Future Shop to Donate $150,000 to Canadian High Schools for Tech Lab Grants

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Future Shop has committed $150,000 for Canadian high schools through its Future Generation Tech Lab grants program.

A total of $150,000 in funding is now available for secondary schools looking to improve their technology offerings for classes or programs primarily for students in grades 9-12. The maximum amount a high school can receive is $20,000. 

The “Future Generation Tech Lab” program exists to “help reduce the economic and digital divide for youth by providing them with modern technology essential to inspire and achieve their highest potential as they move into post-secondary education and the workforce.”

“It’s always an exciting time of year when we can announce the return of Tech Lab grants for secondary schools across Canada,” said Andrea Farnell, the community relations manager at Future Shop. “We look forward each year to seeing the applicants’ vision of how a Tech Lab grant could impact their students.”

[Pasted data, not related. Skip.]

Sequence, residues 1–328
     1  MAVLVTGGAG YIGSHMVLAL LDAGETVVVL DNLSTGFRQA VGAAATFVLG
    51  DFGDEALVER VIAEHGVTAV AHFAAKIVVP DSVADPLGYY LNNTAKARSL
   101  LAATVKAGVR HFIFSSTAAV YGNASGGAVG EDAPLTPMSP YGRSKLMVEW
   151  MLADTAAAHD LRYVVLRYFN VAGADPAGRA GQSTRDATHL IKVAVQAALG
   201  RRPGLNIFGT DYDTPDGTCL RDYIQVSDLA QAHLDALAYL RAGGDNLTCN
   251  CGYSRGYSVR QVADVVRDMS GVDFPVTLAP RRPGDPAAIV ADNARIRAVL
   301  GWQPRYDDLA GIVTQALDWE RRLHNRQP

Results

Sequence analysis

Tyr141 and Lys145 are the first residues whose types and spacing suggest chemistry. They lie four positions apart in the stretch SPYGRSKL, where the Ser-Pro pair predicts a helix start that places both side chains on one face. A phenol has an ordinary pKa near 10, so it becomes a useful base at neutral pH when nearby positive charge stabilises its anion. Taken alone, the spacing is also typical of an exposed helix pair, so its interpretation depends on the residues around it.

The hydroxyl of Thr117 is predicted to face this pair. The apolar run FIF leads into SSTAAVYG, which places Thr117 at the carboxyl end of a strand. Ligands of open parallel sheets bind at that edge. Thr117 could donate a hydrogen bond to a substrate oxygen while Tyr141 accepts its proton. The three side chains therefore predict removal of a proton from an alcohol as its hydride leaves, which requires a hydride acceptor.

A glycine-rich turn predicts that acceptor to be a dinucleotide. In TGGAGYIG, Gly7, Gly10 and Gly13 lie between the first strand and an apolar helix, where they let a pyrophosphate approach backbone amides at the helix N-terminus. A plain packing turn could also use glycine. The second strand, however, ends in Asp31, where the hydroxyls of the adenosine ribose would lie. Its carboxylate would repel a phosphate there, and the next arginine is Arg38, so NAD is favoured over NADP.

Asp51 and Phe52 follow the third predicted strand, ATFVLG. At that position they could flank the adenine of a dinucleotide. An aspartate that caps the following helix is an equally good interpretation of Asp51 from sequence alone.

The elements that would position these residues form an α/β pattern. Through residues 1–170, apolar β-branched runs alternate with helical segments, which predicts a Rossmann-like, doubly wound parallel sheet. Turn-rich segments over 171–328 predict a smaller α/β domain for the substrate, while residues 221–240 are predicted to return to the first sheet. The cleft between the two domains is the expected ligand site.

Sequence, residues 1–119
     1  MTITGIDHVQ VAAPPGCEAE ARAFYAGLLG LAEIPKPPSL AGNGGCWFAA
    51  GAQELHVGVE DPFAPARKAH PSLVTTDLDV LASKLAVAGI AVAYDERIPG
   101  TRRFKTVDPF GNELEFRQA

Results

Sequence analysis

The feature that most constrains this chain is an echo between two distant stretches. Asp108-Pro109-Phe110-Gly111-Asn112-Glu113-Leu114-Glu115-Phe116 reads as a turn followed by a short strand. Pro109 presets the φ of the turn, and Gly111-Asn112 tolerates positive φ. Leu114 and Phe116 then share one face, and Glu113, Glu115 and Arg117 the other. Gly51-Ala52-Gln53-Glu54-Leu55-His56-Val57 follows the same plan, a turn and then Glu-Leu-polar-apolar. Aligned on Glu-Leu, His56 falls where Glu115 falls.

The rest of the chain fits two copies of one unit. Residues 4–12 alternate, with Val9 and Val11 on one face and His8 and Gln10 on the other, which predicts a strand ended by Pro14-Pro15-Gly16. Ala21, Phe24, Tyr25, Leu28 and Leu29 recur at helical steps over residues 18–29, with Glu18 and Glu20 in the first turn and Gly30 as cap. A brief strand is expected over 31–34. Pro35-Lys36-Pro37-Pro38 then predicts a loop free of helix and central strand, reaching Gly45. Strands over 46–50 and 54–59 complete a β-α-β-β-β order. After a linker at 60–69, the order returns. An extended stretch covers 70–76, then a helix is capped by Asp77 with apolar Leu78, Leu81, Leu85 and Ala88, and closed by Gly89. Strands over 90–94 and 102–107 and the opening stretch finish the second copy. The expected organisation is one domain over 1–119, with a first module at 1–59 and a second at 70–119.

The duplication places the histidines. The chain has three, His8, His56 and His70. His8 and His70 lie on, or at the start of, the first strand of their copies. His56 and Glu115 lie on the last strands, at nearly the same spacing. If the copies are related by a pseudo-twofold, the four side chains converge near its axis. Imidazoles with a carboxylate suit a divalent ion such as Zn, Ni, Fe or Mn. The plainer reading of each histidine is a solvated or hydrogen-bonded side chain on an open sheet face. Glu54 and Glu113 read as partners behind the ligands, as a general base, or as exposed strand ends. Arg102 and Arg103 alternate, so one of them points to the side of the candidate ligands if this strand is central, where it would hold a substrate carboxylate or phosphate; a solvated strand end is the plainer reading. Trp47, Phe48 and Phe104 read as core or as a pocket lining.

Future Shop has awarded more than $1.75 million to more than 60 Canadian schools seeking upgrades to their classroom tech.

The Future Generation Tech Lab program has provided funding to both high schools and elementary schools throughout its history. Past grant winners have used the money at their discretion to bring higher-tech learning in classrooms, such as new computers and translation equipment to preserve a rare language on Vancouver Island. One winner built a a comprehensive media and broadcasting program in Ontario, while still another was able to offer senior students web courses for distance learning at a rural school.

Applications for Future Shop’s Future Generation Tech Lab program are now being accepted online in English or French at www.futureshop.ca/techlab. The closing date is Friday, May 23. Winners will be announced in June.

Joseph Czikk

Joseph Czikk

Joseph Czikk previously has written for the National Post, Montreal Gazette, Vancouver Sun, Regina Leader Post, Techvibes and BC Business Online. Joseph often goes crazy on twitter during NHL and NFL games.